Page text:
Understanding the physical mechanisms of biomineralization and the development of force microscopy-based methods of investigating mineralization at the nanoscale
Contact: Chris Orme
Studies the fundamental physics of crystallization and materials assembly with application to biomineralization, biomimetic synthesis, controlled synthesis of nanostructures, catalysis, interfacial dynamics, and electrochemical deposition.
The atomic force microscope (AFM) has been used since 1986 to produce topographic maps of nanostructures. An ultrasharp tip scans across a sample’s surface, and a computer records the path of the tip, slowly building a three-dimensional image. When force and displacement data are combined in various algorithms, the resulting calculations reveal information on mechanical properties, such as hardness, and any other reactions to an applied force.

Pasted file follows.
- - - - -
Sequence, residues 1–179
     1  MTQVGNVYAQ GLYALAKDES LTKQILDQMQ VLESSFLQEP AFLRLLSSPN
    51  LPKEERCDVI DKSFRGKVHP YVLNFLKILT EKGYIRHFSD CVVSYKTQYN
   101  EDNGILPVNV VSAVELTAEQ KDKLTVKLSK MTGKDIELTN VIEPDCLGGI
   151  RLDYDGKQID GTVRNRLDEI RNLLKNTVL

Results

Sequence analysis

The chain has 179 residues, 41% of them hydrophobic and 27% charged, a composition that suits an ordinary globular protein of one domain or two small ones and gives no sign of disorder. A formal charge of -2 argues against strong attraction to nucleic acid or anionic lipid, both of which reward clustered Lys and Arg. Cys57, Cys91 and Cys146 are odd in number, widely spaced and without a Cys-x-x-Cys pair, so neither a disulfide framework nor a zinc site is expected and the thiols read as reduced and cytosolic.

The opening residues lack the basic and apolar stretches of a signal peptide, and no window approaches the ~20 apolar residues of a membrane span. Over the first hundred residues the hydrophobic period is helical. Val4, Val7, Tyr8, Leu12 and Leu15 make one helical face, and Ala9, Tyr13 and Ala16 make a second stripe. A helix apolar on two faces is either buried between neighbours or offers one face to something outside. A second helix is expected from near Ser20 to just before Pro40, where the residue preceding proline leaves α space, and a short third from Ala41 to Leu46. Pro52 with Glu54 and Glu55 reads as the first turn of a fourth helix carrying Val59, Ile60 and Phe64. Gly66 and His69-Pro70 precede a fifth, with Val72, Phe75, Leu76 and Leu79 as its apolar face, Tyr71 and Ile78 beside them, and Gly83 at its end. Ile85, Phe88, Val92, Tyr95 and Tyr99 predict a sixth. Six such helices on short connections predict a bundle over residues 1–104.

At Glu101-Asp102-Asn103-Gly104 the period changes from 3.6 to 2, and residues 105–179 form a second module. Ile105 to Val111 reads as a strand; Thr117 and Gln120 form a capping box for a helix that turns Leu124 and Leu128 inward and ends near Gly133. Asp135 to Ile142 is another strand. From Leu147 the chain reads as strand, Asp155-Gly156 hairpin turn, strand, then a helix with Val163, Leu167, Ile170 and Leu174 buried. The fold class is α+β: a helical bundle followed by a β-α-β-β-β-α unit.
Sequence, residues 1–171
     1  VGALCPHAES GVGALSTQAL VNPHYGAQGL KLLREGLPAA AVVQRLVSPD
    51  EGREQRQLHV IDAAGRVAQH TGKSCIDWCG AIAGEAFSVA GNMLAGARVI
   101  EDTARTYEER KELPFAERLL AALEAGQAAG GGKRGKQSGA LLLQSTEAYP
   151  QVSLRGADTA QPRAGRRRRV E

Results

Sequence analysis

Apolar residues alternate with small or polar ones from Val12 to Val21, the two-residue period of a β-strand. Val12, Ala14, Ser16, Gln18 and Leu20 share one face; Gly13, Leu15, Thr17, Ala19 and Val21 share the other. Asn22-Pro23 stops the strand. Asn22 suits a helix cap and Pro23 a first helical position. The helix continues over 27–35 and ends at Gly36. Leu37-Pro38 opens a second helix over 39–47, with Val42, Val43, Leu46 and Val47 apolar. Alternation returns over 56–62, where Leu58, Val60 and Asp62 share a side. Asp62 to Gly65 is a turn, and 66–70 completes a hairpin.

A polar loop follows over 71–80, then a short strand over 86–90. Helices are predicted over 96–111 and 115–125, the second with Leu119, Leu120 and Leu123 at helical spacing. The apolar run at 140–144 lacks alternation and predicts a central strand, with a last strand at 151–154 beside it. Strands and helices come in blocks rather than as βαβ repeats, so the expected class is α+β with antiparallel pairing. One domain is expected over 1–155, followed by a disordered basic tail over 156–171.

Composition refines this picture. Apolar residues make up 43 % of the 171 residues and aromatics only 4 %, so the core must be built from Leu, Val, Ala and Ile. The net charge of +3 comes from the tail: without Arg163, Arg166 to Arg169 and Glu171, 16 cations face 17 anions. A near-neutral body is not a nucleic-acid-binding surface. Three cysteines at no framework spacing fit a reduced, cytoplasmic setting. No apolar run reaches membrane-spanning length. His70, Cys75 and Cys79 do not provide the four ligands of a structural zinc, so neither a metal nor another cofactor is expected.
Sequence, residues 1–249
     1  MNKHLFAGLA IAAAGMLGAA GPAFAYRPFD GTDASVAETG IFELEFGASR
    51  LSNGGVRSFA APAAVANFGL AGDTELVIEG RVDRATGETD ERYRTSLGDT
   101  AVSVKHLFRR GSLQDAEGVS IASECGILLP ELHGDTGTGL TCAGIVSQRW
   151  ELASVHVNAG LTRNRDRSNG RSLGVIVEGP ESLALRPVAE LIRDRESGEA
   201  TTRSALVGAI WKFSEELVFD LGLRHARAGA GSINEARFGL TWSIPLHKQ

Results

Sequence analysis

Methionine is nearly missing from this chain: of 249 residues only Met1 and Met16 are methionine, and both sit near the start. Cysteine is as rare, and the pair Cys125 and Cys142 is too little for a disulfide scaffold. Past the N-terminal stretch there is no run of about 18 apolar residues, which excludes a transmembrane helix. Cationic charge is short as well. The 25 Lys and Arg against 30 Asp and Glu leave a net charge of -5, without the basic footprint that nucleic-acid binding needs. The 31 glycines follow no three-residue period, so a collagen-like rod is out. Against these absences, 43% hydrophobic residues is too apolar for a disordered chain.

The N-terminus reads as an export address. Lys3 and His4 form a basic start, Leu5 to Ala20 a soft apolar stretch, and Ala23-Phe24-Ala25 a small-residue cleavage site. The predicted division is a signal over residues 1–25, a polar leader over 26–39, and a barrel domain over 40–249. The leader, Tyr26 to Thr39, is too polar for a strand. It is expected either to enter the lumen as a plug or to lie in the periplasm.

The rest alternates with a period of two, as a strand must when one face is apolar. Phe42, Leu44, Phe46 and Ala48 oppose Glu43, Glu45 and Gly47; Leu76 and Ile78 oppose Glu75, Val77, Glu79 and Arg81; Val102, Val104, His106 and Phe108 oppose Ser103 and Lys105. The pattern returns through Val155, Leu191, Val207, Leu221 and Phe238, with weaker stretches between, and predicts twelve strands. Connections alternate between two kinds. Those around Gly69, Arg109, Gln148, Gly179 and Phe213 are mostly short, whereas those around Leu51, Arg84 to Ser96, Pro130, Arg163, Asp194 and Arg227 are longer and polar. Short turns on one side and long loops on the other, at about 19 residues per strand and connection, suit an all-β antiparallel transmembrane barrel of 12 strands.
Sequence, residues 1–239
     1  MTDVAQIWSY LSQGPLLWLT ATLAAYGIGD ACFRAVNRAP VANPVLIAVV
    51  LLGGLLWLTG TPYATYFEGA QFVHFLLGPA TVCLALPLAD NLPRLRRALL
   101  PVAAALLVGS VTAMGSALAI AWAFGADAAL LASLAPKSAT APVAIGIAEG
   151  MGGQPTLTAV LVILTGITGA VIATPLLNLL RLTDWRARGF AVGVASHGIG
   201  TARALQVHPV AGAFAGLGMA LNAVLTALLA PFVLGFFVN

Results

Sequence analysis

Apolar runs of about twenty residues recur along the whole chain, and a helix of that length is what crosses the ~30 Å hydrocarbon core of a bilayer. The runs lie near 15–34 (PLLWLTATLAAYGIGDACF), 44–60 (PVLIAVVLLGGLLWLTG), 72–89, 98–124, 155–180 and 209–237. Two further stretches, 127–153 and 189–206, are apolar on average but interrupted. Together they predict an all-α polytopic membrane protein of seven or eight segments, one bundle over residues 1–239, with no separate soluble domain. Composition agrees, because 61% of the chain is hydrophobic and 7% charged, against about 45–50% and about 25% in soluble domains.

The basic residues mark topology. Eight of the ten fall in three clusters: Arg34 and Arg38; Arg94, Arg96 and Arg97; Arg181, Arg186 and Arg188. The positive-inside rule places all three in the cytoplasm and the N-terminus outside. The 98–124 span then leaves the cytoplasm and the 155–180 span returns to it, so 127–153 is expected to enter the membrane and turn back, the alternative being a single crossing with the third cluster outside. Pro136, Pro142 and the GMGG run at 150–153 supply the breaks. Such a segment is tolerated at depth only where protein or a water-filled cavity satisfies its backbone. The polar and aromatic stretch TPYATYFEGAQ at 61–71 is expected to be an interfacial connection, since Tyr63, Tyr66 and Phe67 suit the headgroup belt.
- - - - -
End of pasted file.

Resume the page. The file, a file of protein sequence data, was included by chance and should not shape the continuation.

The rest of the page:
Unlike the scanning electron microscope, which provides a two-dimensional image of a sample, the AFM provides a true three dimensional surface profile. Additionally, samples viewed by AFM do not require special treatment that would destroy the sample. AFMs also do not need to operate in a vacuum environment, as do electron microscopes. The AFM can be used on materials that don’t conduct electricity. The microscope is unique in its ability to measure the mechanical properties of both hard and soft materials. The latter has traditionally been more difficult because soft materials, such as biological tissues, are part solid and part fluid.
Although the AFM produces a smaller image area than electron microscopes (micrometers versus millimeters, respectively), it can image and manipulate matter at the nanoscale, allowing researchers to both study a molecule’s structure and properties and organize molecules into predetermined patterns.